My Christian Buddhist holiday!

It’s November 27!

And with that, again, the blessings of the saints Barlaam and Jehoshaphat are upon us!

This is absolutely my favorite of all Christian holidays.

And I like to remind people of the details of this original Christian Buddhist mashup. So, please forgive the repetitions of this little sharing. I add bits pretty much every time I rate this festival from the heart.

In the liturgical calendar of the Roman Catholic Church as well as those of the Eastern Churches that follow the Revised Julian Calendar, today November 27 is the feast of Saints Barlaam and Josaphat.

Orthodox Christians who continue to use the Julian calendar observe this holiday on August 26. That’s why I like to mention this holiday again at the end of August.

I must say they used to celebrate this day.

For the most part, this holiday is no longer actually observed.

The story of Prince Josaphat and his conversion to the true faith under the hermit Barlaam appears in the West in the eleventh century, apparently composed by the monk Euthymius, although attributed in the seventh century to John of Damascus.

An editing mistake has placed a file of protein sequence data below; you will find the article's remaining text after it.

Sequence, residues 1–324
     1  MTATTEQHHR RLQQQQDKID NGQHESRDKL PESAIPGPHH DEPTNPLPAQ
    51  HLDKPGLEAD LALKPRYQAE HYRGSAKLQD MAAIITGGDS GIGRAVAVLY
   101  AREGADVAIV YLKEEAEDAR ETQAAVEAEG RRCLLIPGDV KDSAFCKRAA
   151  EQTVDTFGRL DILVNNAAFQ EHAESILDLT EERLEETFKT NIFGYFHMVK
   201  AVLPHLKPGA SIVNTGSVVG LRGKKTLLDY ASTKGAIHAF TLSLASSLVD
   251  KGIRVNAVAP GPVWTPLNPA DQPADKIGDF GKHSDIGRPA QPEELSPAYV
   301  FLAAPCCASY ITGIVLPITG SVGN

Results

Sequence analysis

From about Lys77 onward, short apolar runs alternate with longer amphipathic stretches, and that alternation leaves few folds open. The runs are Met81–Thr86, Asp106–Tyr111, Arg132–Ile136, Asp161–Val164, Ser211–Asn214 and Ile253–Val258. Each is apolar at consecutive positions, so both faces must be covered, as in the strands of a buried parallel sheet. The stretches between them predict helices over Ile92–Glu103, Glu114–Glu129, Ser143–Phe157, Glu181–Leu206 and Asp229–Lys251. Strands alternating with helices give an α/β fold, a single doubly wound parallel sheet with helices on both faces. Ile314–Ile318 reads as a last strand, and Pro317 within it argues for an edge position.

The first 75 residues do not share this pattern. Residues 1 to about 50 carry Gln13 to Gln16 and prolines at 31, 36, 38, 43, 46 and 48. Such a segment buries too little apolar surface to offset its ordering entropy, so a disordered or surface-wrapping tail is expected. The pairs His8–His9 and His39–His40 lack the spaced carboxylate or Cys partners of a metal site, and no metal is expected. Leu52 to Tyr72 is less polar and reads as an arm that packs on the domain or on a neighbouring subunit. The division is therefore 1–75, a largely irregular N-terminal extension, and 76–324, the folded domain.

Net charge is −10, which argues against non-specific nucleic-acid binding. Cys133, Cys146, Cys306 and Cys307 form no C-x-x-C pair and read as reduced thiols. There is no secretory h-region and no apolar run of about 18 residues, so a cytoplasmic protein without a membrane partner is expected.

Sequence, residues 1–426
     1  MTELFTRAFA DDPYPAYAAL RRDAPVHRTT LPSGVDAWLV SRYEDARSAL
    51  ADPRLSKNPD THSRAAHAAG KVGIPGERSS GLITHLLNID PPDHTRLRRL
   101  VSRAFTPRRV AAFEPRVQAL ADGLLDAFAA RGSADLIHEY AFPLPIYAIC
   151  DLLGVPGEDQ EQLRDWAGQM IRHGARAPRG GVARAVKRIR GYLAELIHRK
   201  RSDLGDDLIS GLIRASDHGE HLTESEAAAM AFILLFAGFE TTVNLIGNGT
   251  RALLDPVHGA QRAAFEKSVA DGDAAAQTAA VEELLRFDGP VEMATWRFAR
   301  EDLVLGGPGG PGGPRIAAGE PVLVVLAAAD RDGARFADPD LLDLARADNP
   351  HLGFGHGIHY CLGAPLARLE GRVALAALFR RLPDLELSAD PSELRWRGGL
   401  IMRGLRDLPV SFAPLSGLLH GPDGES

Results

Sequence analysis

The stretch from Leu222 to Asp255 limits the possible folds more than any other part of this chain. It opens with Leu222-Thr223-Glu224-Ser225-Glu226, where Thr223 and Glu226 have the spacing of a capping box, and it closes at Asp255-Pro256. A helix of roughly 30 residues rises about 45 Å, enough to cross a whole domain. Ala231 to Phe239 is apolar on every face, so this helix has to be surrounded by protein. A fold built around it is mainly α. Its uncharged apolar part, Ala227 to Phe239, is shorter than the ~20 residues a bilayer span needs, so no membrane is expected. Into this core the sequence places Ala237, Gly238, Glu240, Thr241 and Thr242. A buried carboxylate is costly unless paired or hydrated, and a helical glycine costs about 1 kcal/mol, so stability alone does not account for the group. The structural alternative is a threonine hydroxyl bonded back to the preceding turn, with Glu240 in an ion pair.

In fact, the story is a bit older than the 11th or 7th century. Variations on this appear everywhere, from The Golden Legend to Shakespeare’s Merchant of Venice. It’s what you might call a classic.

However, in the 19th century, scholars realized the true source of the story. The name Josaphat ultimately derives from Sanskrit and means bodhisattva, “being of enlightenment”. They understood that the story, through some interesting turns, was really that of the Buddha.

I like this. So many…

While we can say with near certainty that Jesus never visited Tibet, or for those who want to quibble about distance, even India, there has actually been lots and lots of cross-fertilization. Ideas and people have followed this Silk Road back and forth for a long time. So, of course, the story of the Buddha would make it the West, even if only a faint echo.

Today there is real juice in Buddhist and Christian dialogue. They have practically nothing to say to each other, and from this nothing beautiful things have emerged.

So little to say. So many things to live.

Corn. As well. I love mash-ups. And, I thought a lot about what a Buddhist Christian church might look like. My little fantasy. But, if such a thing should happen, it should be one of the first dates to be entered in the liturgical calendar of this church.

And with that a piece of glass to the saints.

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